Event Driven Architecture (EDA) is an alternative to Service Oriented Architecture (SOA). Rather than summarizing the pros vs the cons, I would point...
Cyclomatic Complexity: measure of source code complexity
Cyclomatic Complexity (or Conditional Complexity) (CC) is a means of measuring the complexity of a given program. Complexity is measured by counting ‘decisions’ – the more decisions a program goes through in a single run, the more logical branches it has, and the more complex it becomes. The number itself …
Cyclomatic Complexity (or Conditional Complexity) (CC) is a means of measuring the complexity of a given program. Complexity is measured by counting ‘decisions’ – the more decisions a program goes through in a single run, the more logical branches it has, and the more complex it becomes.
The number itself is calculated in a more complex way, but as a general rule of thumb, it is the number of total decisions that can be made (logical if, try catches, for loops) plus one.
* CC is ‘total number of decisions’ plus one.
Example 1. Consider the following chunk of code:
def some_function(): if ( test() ): value = get_value_1() else: value = get_value_2() return value
To measure cyclomatic complexity, we count the number of logical groups in the code. In this case, the code branches at the <if> statement. If we are to represent this as a flow chart,
which can be translated into a graph that looks like this:
You can look at it this way. The topmost dot is the start state. It goes to the second dot, which branches or makes a decision(+1) that goes either to the left or the right, but eventually ends up in the same point. Note that branching here is depicted as a dot with two outgoing arrows. Recall that complexity is calculated as decisions + 1, so the function above has complexity 2.
Example 2. On the following example we have 2 if statements.
Since we have 2 decisions to make, the function represented by the graph above has complexity 3.
You might be wondering at this point what complexity actually measures. If we were to really count all the paths that the code could potentially go through, that number would be 4. To illustrate, we name the possible ‘sub-paths’ that the code can possible take. Then, we try moving through the graph from start to finish:
Path 1: ABDFGIK
Path 2: ACEFGIK
Path 3: ACEFHJK
Path 4: ABDFHJK
And that number isn’t equal to the number we got from CC. For reference, that number is used in determining ‘path coverage’. We make that distinction between ‘path coverage’ and ‘branch coverage’ when we go into testing.
So I mentioned ‘path coverage’ and ‘branch coverage’.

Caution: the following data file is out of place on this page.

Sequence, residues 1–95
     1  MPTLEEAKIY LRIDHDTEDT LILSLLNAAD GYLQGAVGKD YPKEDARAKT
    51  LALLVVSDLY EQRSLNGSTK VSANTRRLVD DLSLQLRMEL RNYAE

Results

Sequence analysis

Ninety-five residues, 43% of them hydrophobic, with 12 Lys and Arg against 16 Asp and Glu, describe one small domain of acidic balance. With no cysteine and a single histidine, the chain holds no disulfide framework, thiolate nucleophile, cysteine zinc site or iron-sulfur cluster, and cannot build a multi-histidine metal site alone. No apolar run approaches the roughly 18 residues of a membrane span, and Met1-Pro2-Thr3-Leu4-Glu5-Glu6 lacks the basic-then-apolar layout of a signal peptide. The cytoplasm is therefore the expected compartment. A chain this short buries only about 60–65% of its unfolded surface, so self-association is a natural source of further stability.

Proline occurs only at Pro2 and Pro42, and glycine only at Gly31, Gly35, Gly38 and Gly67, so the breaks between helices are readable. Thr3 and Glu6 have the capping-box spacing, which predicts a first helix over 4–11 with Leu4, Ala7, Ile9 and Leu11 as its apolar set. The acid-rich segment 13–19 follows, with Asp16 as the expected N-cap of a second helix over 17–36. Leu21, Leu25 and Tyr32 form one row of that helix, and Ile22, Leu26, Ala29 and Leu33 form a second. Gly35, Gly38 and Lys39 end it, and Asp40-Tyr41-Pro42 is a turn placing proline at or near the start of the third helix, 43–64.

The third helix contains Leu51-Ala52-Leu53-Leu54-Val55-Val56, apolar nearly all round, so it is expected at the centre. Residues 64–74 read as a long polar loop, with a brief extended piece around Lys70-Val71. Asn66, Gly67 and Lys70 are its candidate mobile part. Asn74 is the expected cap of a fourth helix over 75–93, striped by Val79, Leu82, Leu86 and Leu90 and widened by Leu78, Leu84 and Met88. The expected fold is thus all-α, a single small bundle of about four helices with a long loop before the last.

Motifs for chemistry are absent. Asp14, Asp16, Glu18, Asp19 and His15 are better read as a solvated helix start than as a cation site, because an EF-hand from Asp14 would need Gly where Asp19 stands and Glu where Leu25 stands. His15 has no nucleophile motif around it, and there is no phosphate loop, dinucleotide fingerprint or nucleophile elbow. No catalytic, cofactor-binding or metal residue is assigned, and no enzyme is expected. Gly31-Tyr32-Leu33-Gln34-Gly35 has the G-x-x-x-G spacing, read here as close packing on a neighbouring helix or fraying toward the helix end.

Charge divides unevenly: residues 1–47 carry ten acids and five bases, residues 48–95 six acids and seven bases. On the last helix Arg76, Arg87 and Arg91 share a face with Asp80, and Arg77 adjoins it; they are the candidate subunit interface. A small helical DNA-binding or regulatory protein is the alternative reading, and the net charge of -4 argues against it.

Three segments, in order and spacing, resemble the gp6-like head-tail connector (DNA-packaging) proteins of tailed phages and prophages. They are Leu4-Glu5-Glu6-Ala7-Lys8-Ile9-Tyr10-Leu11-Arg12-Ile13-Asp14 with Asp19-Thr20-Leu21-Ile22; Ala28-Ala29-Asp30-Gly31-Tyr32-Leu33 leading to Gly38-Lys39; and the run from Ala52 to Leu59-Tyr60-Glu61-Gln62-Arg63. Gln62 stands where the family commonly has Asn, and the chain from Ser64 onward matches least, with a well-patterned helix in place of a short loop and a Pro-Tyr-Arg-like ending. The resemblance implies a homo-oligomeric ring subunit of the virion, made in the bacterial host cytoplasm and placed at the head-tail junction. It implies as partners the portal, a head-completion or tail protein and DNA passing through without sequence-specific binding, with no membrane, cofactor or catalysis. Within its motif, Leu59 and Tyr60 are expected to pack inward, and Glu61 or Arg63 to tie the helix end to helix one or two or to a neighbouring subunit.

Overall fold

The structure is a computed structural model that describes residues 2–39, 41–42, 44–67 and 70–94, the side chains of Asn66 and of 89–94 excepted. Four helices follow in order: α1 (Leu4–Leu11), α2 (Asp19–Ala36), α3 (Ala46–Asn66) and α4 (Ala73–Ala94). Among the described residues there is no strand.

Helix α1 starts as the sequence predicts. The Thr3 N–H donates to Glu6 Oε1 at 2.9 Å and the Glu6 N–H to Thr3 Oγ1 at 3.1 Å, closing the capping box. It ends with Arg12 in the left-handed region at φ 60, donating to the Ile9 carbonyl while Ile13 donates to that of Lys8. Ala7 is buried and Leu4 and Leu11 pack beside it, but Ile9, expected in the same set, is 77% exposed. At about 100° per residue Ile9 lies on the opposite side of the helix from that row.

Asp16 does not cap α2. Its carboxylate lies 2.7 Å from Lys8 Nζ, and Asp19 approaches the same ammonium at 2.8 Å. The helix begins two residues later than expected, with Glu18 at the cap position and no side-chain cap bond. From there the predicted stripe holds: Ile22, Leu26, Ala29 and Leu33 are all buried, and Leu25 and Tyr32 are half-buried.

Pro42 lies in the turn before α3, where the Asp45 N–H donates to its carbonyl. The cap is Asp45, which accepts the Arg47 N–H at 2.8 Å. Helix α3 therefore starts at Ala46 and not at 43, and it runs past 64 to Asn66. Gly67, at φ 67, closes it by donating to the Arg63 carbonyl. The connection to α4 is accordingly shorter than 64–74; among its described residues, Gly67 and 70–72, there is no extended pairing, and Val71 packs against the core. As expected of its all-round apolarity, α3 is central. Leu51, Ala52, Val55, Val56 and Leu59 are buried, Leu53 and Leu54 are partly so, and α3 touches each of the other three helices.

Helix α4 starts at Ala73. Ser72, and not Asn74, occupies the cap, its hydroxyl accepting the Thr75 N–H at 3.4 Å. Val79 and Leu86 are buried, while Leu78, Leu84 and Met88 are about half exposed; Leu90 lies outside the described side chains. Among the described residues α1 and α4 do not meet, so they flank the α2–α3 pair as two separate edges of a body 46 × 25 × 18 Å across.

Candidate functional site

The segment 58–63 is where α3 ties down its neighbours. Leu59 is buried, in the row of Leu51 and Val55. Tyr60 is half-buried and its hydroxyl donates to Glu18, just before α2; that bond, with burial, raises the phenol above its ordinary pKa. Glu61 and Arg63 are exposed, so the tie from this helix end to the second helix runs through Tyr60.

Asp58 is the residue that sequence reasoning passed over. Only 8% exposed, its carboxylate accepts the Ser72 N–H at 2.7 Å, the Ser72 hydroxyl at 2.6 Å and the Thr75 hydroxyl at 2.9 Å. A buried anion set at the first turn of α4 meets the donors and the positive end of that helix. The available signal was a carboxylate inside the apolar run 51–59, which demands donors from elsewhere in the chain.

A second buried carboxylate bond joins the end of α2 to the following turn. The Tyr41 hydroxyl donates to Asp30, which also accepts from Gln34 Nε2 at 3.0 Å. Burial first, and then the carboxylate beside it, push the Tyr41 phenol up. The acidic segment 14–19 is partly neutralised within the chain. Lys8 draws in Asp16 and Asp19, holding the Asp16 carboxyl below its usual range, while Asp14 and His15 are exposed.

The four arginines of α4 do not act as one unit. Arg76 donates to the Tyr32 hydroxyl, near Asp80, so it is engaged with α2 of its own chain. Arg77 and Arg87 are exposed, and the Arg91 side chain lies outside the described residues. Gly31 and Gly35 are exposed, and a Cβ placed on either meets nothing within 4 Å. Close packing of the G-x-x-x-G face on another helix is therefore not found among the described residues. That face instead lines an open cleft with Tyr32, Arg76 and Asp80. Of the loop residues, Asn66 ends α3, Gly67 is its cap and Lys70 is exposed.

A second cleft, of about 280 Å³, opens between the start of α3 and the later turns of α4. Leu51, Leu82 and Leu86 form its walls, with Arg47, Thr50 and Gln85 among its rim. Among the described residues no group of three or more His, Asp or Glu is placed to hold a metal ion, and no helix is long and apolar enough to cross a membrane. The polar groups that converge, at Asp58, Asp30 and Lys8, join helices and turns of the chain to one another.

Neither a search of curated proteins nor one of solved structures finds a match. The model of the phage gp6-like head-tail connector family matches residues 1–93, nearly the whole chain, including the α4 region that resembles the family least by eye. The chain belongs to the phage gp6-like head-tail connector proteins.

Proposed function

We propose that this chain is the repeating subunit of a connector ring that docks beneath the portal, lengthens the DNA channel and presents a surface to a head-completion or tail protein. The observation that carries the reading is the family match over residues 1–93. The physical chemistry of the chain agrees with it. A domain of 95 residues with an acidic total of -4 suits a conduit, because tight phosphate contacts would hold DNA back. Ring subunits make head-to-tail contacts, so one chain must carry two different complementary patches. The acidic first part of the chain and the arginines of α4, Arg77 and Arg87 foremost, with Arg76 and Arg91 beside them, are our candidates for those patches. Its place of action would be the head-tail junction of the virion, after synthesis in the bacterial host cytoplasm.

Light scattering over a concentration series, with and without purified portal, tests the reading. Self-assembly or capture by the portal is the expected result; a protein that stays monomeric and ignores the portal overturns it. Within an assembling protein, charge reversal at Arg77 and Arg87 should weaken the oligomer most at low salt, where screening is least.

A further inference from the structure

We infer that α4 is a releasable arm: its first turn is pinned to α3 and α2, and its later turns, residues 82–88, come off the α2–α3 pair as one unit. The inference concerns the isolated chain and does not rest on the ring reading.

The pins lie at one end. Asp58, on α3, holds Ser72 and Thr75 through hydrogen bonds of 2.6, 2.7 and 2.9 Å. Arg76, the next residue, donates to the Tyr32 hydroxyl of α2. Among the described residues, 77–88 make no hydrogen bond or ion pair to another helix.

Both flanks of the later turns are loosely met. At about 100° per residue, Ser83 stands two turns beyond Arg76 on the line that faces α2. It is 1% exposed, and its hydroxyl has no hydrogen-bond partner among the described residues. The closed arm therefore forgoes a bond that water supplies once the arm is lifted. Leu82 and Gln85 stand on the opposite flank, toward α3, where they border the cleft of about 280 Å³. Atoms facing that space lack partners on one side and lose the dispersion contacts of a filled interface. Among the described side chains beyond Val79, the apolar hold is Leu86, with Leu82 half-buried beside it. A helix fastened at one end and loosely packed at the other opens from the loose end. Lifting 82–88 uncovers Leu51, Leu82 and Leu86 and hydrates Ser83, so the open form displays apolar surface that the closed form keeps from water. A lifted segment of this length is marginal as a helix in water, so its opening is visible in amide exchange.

‘Path Coverage’ aims to cover all complete paths in a given program, i.e. to test the code given all combinations of true/false for all the if statements – which would result in 2^(n) number of tests, where n is the number of <cascaded, not nested> if statements. That means 32 test cases needed if there are 5 if statements in a given function.
‘Branch Coverage’ aims to ensure that all branches have been tested. As opposed to Path Coverage, Branch Coverage covers that the branches be all tested. Path Coverage covers that all the combinations of those branches be tested.
The biggest difference is that path coverage, due to the sheer number of tests that need to be done, results in prohibitively large amounts of testing that needs to be done.
Branch coverage, on the other hand, is much less prohibitive, as it scales linearly to the number of logical choices that the function needs to make.
This is where CC comes in: As a general rule, we can use CC to determine the number of tests we need to make to ensure complete branch coverage.
tests needed <= CC
This way we directly apply CC as a reference to how many tests we need to make to ensure coverage. Keep in mind that while the number is important, the actual content of each test is more important.
Functions with high CC are more likely to contain bugs, and given that they are generally more complex, also more difficult to fix.
From the perspective of a developer, it is more difficult to analyze a program with more branches than one with fewer branches – this makes maintaining code and adding features more difficult. As difficulty increases, of course, the more costly it is for everyone involved.
Before going further, however, keep in mind that CC is by no means a one-all determinant to how complex a code base truly is. While it presents a good reference point from which to start refactoring code, not all functions with high cyclomatic complexity are complex, and not all complex functions are faulty. Here’s a good way to understand the significance of cyclomatic complexity:
* Use CC to Compare Code Within – Cyclomatic Complexity is a good determinant of which parts of your code are more likely to contain faults.
* Don’t Use CC to Compare Code Across Projects – It is not a good determinant of which among two different code bases (projects) are more faulty.
* Not All High CC Code is Faulty or Inelegant – This is most likely a pitfall with using this kind of metric, so care must be taken: CC must not be used to measure actual code ‘faultiness’, rather it must be used to measure ‘how likely it is that the code is faulty.’
- Good Benchmark To Measure How Dangerous A Code Base Is
- Plays a Major Role Test Driven Development
– Does Not Differentiate ‘Complexity’ Between Switches and Nesting
> code is in reality more complex if logic is nested.
- Test Driven Development – http://en.wikipedia.org/wiki/Test_driven_development
- Cyclomatic Complexity – http://en.wikipedia.org/wiki/Cyclomatic_complexity
- Code Coverage – http://en.wikipedia.org/wiki/Code_coverage
- Basis Path Testing – http://www.westfallteam.com/Papers/Basis_Path_Testing_Paper.pdf
- Reference – http://www.bullseye.com/coverage.html